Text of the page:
May 3, 2022

What is Hepatitis?

Worldwide, 290 million people are living unaware that they have viral hepatitis. Hepatitis at its most basic definition is an inflammation of the liver.  Most commonly heard of, are hepatitis A, hepatitis B, and hepatitis C. These three types of hepatitis are labeled based on the type of virus that causes the inflammation of the liver. Each type of hepatitis can almost be considered a unique disease because each responds to different treatments.

Hepatitis A (HAV)

Hepatitis A is very contagious and is typically infects people that eat or drink something that has been exposed to fecal matter or another person that has the virus.

Although highly contagious, it is not very dangerous compared to its counterparts. Hepatitis A is preventable by vaccine, and treatable by a medical professional.


If you have hepatitis A you might experience the following symptoms:

  • Yellow eyes, yellow skin, or dark urine (Jaundice)
  • Fever
  • Diarrhea
  • Abdominal pain
  • Unwanted weight loss
  • Loss of appetite
  • Nausea and vomiting
  • Dark urine
  • Fatigue


The most common treatment for hepatitis A is to rest, drink fluids, and avoid alcohol. Most cases of hepatitis A will resolve themselves on their own. To prevent hepatitis A, you can receive a hepatitis A vaccine.

Hepatitis B (HBV)

Hepatitis B is a more serious type of hepatitis. If the virus is not treated it can potentially lead to liver failure and even liver cancer.

If you are an adult and get hepatitis B your body should be able to fight it off within a few months.

After the virus has subsided you become immune. If you contract hepatitis B at birth, however, it is unlikely to go away. Hepatitis B is most commonly passed through blood, saliva, sexual fluids, using a needle after someone with the virus, or if your mother had hepatitis B while pregnant with you.


The common symptoms of hepatitis B include:

  • Jaundice
  • Fever
  • Persistent fatigue
  • Loss of appetite
  • Vomiting
  • Abdominal pain
  • Light colored stool
  • Aching joints


If you feel that you have been infected by the hepatitis B virus it is important to see a physician as soon as possible; the earlier you receive treatment, the better. Your physician will most likely administer a hepatitis B vaccine and other antiviral medication.

Hepatitis C (HCV)

Hepatitis C is another virus that can damage your liver. It is typically spread through blood and other bodily fluids. Hepatitis C can manifest itself in two different forms, acute hepatitis C or chronic hepatitis C.

  • Acute hepatitis C is the less serious form of hepatitis and typically lasts for 6 months. After 6 months the most people’s immune systems will defeat the virus.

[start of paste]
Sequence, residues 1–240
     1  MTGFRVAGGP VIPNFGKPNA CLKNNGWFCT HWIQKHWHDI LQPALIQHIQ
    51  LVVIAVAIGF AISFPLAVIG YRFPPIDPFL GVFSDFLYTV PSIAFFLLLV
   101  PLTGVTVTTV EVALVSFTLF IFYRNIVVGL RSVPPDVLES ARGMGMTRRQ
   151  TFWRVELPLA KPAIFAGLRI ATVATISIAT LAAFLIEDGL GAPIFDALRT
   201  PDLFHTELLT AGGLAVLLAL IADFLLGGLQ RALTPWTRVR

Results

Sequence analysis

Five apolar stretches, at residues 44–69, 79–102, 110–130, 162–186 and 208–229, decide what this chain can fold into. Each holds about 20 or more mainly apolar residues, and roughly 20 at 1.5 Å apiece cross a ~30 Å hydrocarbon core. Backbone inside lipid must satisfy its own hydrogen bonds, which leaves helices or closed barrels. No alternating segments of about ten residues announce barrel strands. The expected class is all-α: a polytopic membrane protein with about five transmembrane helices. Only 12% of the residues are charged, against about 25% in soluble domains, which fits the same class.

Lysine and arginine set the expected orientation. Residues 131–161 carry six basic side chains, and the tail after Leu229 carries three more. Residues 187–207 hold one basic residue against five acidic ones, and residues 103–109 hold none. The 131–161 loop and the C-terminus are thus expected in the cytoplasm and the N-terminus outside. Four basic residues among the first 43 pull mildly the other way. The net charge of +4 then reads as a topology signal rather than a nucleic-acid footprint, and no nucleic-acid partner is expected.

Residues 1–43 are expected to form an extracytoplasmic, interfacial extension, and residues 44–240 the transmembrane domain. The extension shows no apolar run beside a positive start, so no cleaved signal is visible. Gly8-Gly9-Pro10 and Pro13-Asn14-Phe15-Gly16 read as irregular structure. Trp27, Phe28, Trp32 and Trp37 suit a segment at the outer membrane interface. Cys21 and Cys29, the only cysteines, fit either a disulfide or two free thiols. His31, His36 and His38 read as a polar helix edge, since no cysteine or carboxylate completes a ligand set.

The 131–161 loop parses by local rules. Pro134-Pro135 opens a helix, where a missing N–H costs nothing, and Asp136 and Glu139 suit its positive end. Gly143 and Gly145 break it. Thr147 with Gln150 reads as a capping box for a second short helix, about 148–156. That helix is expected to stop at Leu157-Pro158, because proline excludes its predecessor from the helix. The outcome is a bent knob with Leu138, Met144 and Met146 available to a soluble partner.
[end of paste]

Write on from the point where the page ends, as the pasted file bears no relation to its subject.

• Chronic hepatitis C happens when your body cannot fight off the virus in the first 6 months and the virus infects the body for a longer period of time. This, unfortunately, can lead to more long term health issues like liver cirrhosis or liver cancer.


The most common symptoms of Hepatitis C include:

  • Jaundice (yellow eyes and skin, dark urine)
  • Nausea and vomiting
  • Abdominal pain
  • Clay-colored stool
  • Severe fatigue
  • Unwanted weight loss
  • Joint pain
  • Loss of appetite
  • Bleed easily
  • Bruise easily
  • Itchy skin
  • Swelling in your legs
  • Slurred speech
  • Confusion


Hepatitis C has a cure rate of over 90%.

The most common treatments for hepatitis C include:

  • Antiviral medications
  • Liver transplant (Chronic hepatitis C)
  • Hepatitis C vaccination

How Can I Prevent Getting Hepatitis?

The best way to prevent contracting Hepatitis A or B is to get vaccinated for the diseases. It is recommended to have children vaccinated for Hepatitis A between the ages of 12 months to 23 months, and you can receive the vaccine at any age after that. The hepatitis B vaccine is usually administered to newborns, but you can get the vaccine at any time in life. There is no vaccine for Hepatitis C.

Other healthy habits to prevent contracting Hepatitis include:

  • Always wash your hands after using the restroom, or come into contact with any bodily fluids
  • Avoid unclean food and water – uncooked meat, not buying food from street vendors
  • If traveling, check if the place you are going has high levels of hepatitis infection
  • When having sex, use protection
  • Don’t share personal hygiene products- toothbrush, razor, etc.
  • Ensure any needles you use are sterilized- getting tattoos or piercings, if injecting illicit drugs